I recently evaluated a 50 year-old female with a history of chronic sinusitis. Her ENT physician would like to treat her with a sulfa antibiotic. Her daughter years ago had what sounds like a Stevens-Johnson reaction to sulfa and her mother also had some sort of allergic reaction to sulfa. For this reason, the patient has never taken sulfa antibiotics as far as she knows. No other known antibiotic sensitivities. So wondering how to approach this issue? First dose in office, challenge in office, or just prescribe and have patient call if reaction? ENT would really like to use sulfa.


There is a growing body of data linking drug reactions with genetic factors. These include thiopurine S-methyltransferase deficiency and azathioprine toxicity, acetylator status affecting risk of sulfonamide reations (Wang) and HLA markers linking dapsone, abacavir, nevirpaine, carbamazepine and allopurinol adverse effects (Sukasem; Zhang). This is probably just the beginning of the story. There are also recognized metabolic factors, such as glutathione depletion which could have some genetic basis, which increase the risk of reactions to drugs including sulfonamides. The controversial concept of multiple drug intolerance syndrome may also have familial relationship suggesting that either metabolism or other inherited factors may influence drug intolerance. Most of the reactions reported with multidrug intolerance are not likely immunologic.

Polymorphisms of sulfonamide detoxification genes have been associated with sulfonamide hypersensitivity (Sacco). This would suggest there is an increased risk of sulfonamide reactions with a positive family history. I am not aware of epidemiologic data supporting a familial associated risk of sulfonamide reactions.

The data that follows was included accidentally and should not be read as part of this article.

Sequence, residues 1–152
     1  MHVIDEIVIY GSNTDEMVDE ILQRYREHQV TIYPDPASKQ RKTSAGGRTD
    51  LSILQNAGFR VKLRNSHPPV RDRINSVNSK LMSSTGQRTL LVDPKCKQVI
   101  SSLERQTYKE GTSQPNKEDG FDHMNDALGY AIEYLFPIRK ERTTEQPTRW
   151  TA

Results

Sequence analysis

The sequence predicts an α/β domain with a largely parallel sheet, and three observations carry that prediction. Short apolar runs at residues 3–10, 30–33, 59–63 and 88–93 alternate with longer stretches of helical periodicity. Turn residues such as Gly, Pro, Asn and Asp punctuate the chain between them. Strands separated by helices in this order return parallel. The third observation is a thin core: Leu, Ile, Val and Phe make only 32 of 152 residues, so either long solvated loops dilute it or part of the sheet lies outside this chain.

I would document a discussion with your patient and explain there may be some increased risk of sulfonamide sensitivity with a family history of sulfonamide reactions. I am not aware of a familial relationship with Stevens-Johnson reactions. I would discuss the risk of using a less effective or more expensive antibiotic. I would offer an open challenge/administration in clinic, observe for 2 hours and advise the patient to report any symptoms. Otherwise would discuss with ENT physician that there may be an increased risk of sulfonamide but you cannot verify or refute.

Asian Pac J Allergy Immunol. 2014 Jun;32(2):111-23.
Pharmacogenomics of drug-induced hypersensitivity reactions: challenges, opportunities and clinical implementation.
Sukasem C1, Puangpetch A, Medhasi S, Tassaneeyakul W.
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1Division of Pharmacogenomics and Personalized Medicine, Department of Pathology, Faculty of Medicine Ramathibodi Hospital, Mahidol University, Bangkok, Thailand.
Drug hypersensitivity reactions affect many patients leading to a variety of clinical manifestations, mainly the cutaneous adverse reactions ranging from milder skin reactions to severe cutaneous adverse reactions (SCARs). Hypersensitivity reactions are unpredictable and are thought to have an underlying genetic etiology, as suggested by case reports. With the scientific knowledge of pharmacogenomics and the evidence based on the genomic testing, it is possible to identify genetic predisposing factors for these serious adverse reactions and personalize drug therapy. The most significant genetic associations have been identified in the major histocompatibility complex (MHC) genes encoded for human leukocyte antigens (HLA) alleles. Drugs associated with hypersensitivity reactions with strong genetic predisposing factors include abacavir, nevirapine, carbamazepine, and allopurinol. In this review, strong genetic associations of drug-induced SCARs are highlighted so as to improve drug safety and help to select optimal drugs for individual patients. Further investigation, however, is essential for the characterization of other genes involved in the hypersensitivity reactions with the use of several genetic strategies and technologies.